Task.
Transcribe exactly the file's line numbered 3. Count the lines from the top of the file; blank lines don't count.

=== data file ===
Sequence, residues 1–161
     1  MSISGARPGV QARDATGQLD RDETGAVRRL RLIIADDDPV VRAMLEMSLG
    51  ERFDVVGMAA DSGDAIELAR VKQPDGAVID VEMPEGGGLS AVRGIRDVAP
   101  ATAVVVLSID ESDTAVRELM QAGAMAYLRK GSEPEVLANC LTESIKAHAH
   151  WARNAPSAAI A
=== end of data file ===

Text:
    51  ERFDVVGMAA DSGDAIELAR VKQPDGAVID VEMPEGGGLS AVRGIRDVAP